Publisher: University of Nebraska Press (April 1, 2013)
The Jewish presence of baseball extends beyond the playing field. It reaches to the Commissioner's Office (Bud Selig), labor leaders (Marvin Miller, Donald Fehr), the owners box (Jerry Reinsdorf, Stuart Sternberg), front office executives (Theo Epstein, Mark Shapiro), sportswriters (Murray Chass, Ross Newhan, Ira Berkow, Roger Kahn) and fans such as Alan Dershowitz and Barney Frank.
Their life stories and others have been compiled from nearly 50 in-depth interviews and arranged by decade. The edifying and entertaining work is an important part of our oral and cultural history.
Everyone interviewed talks about what it was like to have grown up Jewish and dealing with Jewish identity, assimilation, intermarriage, future viability, religious observance, anti-Semitism, and Israel. They talk about being in the midst of players who have helped to make baseball into what it is today. What their stories do, most importantly, is show the history of Jews in America's pastime.
Throwing Hard Easy: Reflections on a Life in Baseball by Robin Roberts
Paperback: 336 pages
Publisher: University of Nebraska Press (March 1, 2014)
Reprinted posthumously, this edition offers a new forward by his son, James Roberts, as well as a new introduction from his co-author C. Paul Rogers, III.
Roberts made his debut in 1948 and would become one of the many inductees in Cooperstown. Roberts wasn't just a dominating pitcher but an impressive storyteller, too. His experiences before, during, and after his 19-year career made for an extraordinary life. His memoir recalls his childhood, playing days, and life after retiring from baseball.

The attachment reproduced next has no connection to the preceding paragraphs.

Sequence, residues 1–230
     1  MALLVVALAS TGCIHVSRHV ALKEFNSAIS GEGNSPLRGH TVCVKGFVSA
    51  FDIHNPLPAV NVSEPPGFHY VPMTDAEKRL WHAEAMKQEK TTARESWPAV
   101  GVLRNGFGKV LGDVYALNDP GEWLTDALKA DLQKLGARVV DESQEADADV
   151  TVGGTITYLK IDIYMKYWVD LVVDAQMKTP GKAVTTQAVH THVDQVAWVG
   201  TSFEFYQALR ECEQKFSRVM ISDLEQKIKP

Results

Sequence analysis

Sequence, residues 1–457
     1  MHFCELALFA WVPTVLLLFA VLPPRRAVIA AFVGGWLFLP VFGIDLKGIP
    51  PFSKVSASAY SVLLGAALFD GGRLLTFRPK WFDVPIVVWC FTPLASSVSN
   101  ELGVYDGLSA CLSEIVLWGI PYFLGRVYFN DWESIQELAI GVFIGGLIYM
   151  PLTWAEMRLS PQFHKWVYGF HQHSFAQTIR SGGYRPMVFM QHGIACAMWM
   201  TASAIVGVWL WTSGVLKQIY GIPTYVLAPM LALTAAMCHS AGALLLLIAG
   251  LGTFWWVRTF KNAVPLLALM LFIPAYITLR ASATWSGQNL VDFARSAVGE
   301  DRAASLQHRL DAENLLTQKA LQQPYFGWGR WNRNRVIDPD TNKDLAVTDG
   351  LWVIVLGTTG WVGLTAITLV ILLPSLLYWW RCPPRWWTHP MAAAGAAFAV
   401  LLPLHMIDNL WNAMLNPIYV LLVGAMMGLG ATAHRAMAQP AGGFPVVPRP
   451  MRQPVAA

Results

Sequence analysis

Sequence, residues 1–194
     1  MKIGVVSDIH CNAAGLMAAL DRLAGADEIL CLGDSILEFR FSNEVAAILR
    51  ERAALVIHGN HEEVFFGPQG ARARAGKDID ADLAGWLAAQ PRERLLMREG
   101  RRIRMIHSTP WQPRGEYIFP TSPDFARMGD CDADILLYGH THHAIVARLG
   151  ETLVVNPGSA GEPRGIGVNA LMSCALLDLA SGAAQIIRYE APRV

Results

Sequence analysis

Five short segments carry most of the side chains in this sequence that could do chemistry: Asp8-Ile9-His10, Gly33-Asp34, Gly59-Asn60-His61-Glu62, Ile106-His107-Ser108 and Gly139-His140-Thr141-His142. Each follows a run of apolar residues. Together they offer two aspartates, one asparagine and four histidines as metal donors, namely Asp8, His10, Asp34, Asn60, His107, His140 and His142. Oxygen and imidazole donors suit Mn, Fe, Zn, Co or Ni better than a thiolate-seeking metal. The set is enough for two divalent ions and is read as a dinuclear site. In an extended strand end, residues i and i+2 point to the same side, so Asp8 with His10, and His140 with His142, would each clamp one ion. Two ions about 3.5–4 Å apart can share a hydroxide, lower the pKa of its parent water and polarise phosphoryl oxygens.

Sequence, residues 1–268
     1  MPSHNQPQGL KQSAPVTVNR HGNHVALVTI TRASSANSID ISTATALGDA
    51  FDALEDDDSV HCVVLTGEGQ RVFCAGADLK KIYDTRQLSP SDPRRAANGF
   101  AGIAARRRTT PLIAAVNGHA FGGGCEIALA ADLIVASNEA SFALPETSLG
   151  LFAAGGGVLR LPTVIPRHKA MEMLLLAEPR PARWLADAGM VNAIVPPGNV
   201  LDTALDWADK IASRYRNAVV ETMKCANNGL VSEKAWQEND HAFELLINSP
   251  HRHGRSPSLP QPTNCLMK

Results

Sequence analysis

Alexander Cartwright: The Life behind the Baseball Legend by Monica Nucciarone
Paperback: 328 pages
Publisher: University of Nebraska Press (March 1, 2014)
We know that Alexander Joy Cartwright Jr. (1820–92) was present during the organization of the Knickerbocker Base Ball Club of New York in the mid-1800s but since that time, Cartwright has been celebrated as one of baseball's founders in the same case as Abner Doubleday. Both, however, have seen their clain to fame come with both conjecture and controverse. In Nucciarone's book, his complex life comes into focus.
The author seperates fact from speculation. While Cartwright may not be the one of legend, what we get is a character that is colorful, complicated, and immense as any legend that he may have inspired.
Turning the Black Sox White: The Misunderstood Legacy of Charles A. Comiskey by Tim Hornbaker
Hardcover: 400 pages
Publisher: Sports Publishing (March 4, 2014)
Charles Albert “The Old Roman” Comiskey was a man that had precision in speech and could work a room with handshakes and smiles. Comiskey invested some five decades in baseball and cared deeply for both the fans and the players.
He's been vilified as a cheapskate and a driving force behind the 1919 White Sox team that the the World Series. It couldn't have been any further from the truth as Hornbaker's book shows. Comiskey was terrorized to the core with the scandal. Mangled versions of the truth have circulated and have been immortalized by the mainstream media.
This is a man who gave away tickets to the Boy Scouts and opposed raising ticket prices for the World Series. He put the fans and players first. Amongst now-common practices, Comiskey has been credited with playing first base either behind the bag or onside the foul line.